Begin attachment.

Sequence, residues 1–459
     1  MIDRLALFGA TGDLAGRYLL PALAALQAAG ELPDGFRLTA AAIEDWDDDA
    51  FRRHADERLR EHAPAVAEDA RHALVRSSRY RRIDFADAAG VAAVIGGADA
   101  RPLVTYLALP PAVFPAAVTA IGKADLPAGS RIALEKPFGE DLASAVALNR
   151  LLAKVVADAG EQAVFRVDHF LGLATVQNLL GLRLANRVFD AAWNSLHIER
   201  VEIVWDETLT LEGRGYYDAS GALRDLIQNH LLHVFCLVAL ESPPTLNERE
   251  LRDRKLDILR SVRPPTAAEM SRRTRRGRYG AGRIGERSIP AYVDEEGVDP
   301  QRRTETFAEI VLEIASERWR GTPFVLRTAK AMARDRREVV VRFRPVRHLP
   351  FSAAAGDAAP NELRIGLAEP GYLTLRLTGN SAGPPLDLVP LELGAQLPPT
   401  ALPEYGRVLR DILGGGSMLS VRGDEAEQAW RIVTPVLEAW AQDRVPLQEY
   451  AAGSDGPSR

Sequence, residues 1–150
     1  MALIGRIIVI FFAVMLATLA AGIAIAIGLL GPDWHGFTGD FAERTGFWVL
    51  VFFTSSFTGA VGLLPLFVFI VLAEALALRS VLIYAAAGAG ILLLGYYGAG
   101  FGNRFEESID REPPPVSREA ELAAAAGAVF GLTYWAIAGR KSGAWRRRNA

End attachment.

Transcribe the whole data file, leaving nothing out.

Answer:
Sequence, residues 1–459
     1  MIDRLALFGA TGDLAGRYLL PALAALQAAG ELPDGFRLTA AAIEDWDDDA
    51  FRRHADERLR EHAPAVAEDA RHALVRSSRY RRIDFADAAG VAAVIGGADA
   101  RPLVTYLALP PAVFPAAVTA IGKADLPAGS RIALEKPFGE DLASAVALNR
   151  LLAKVVADAG EQAVFRVDHF LGLATVQNLL GLRLANRVFD AAWNSLHIER
   201  VEIVWDETLT LEGRGYYDAS GALRDLIQNH LLHVFCLVAL ESPPTLNERE
   251  LRDRKLDILR SVRPPTAAEM SRRTRRGRYG AGRIGERSIP AYVDEEGVDP
   301  QRRTETFAEI VLEIASERWR GTPFVLRTAK AMARDRREVV VRFRPVRHLP
   351  FSAAAGDAAP NELRIGLAEP GYLTLRLTGN SAGPPLDLVP LELGAQLPPT
   401  ALPEYGRVLR DILGGGSMLS VRGDEAEQAW RIVTPVLEAW AQDRVPLQEY
   451  AAGSDGPSR

Sequence, residues 1–150
     1  MALIGRIIVI FFAVMLATLA AGIAIAIGLL GPDWHGFTGD FAERTGFWVL
    51  VFFTSSFTGA VGLLPLFVFI VLAEALALRS VLIYAAAGAG ILLLGYYGAG
   101  FGNRFEESID REPPPVSREA ELAAAAGAVF GLTYWAIAGR KSGAWRRRNA